Sap Women

Neurodiversity in the Workplace: Stop Making Limiting Assumptions

Supriya Jha, Chief Diversity and Inclusion Officer at SAP, is a huge proponent of employing neurodivergent people at all levels of a company and urges us to expand our mindsets. Afterall, when we make assumptions about others, we not only limit our experience but also our own efficiencies

by Supriya Jha | 19 Jan, 2023
Supriya Jha, Chief Diversity and Inclusion Officer at SAP

What we say and how we say it matters. Outdated or insensitive word choices could reinforce negative connotations leading to discrimination. Whereas inclusive language can lead to a respectful environment. That is why terminology is so important, especially when we talk about neurodiversity.

To start, there are two definitions of autism, one from the World Health Organization (WHO) and one from the National Institute of Mental Health (US), similar but with a vital difference. The latter uses the word “disorder”, a term I feel is not suitable. Autism is not a “disorder” but rather an alternative and differentiated way of thinking, communicating, and socializing with people. All of us have different kinds of abilities, which is why we also can’t think of our employees as “normal” or “not normal”.

Autism is not a 'disorder' but rather an alternative and differentiated way of thinking, communicating, and socializing with people.

Over the years, we have progressed in the way we think about diversity and inclusion and the concept of neurodiversity. In the late 1990s, when sociologist Judy Singer first coined the term neurodiversity, the movement quickly gained support via online forums and new social networks. Today, alternative thinking styles have come to the fore and are becoming normalized. Companies tend to follow these societal norms. For instance, look at how deep the heightened focus on the Black population has grown since the killing of George Floyd. Sometimes it takes a nudge from society for a company to implement change.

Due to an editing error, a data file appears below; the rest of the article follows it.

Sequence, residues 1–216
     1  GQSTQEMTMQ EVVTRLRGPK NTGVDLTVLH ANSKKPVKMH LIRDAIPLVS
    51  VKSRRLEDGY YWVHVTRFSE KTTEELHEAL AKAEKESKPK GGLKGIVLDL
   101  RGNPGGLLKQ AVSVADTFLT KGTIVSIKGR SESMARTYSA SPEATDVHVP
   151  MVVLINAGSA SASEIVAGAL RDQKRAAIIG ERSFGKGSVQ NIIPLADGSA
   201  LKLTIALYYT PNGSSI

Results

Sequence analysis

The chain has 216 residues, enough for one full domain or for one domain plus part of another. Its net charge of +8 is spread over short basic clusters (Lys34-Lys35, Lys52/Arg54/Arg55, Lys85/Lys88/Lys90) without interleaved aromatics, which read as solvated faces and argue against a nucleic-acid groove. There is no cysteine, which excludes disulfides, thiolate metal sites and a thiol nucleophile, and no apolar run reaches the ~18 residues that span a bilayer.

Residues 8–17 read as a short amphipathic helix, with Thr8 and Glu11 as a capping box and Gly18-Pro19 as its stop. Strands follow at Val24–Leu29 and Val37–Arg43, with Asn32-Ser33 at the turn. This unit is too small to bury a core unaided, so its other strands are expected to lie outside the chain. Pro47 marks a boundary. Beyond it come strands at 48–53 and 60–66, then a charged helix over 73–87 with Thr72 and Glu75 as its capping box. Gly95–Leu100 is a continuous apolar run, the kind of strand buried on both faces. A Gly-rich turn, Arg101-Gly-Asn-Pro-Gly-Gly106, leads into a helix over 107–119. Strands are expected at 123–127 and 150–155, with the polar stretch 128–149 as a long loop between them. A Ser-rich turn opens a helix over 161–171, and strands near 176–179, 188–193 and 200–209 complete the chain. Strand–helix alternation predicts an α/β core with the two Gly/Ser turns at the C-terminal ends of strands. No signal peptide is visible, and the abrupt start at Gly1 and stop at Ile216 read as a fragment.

While the neurodiversity movement has been brilliant in breaking down social barriers, challenging stigmas, and raising awareness, it also contains limitations, and these are becoming increasingly prominent as the movement expands into new domains. Unfortunately, the autistic community, part of the neurodivergent population, remains a largely untapped talent pool as the unemployment and underemployment rates run as high as 80%!

I have acutely noticed this trend when looking back at my work experience for Nasdaq, Mercer, and the Bank of America. While I have always been involved with diversity and inclusion, my personal experiences have been limited prior to coming to SAP, as I have never worked for a company that focused on neurodiversity. It has been a welcome change and has opened my eyes to the great intellectual capital that neurodivergent individuals can bring to the table.

My real aha-moment came soon after I joined SAP and was speaking at a town hall meeting. After the event, an employee came up to me on stage and said, “I want to introduce myself to you. I'm an opera singer and have sung in many of the sessions here. I'm also in the Autism at Work program.” The level of confidence she had blew me away, and it was my first interaction with somebody from our Autism at Work program. As I have gotten closer to her, I have found her to be an exceptional worker, and she is doing great work for the company.

The point is if you make assumptions about people, you not only limit your experience, but also your own efficiencies. For example, if I had a preconceived stereotype that people on the spectrum are a particular way, I might have hesitated to speak with her, unconsciously excluding her in the process. This fear comes with a cost, not just for the person, who will have limited progression opportunities, but also at a cost for me of missing out on meeting someone so exceptional.